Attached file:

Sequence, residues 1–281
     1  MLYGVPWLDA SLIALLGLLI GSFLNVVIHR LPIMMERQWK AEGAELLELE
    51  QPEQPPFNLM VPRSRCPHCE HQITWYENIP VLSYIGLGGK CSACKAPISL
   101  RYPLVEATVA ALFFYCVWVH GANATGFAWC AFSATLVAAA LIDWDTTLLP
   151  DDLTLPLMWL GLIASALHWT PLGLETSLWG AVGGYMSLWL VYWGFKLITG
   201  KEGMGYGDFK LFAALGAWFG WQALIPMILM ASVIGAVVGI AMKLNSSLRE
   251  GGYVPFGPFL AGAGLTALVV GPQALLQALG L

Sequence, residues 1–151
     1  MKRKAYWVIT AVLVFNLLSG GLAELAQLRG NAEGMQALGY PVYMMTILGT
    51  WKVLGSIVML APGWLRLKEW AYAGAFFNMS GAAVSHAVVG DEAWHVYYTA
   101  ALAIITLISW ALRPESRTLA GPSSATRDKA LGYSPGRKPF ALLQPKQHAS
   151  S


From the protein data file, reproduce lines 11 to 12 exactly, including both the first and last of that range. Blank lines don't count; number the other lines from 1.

   101  ALAIITLISW ALRPESRTLA GPSSATRDKA LGYSPGRKPF ALLQPKQHAS
   151  S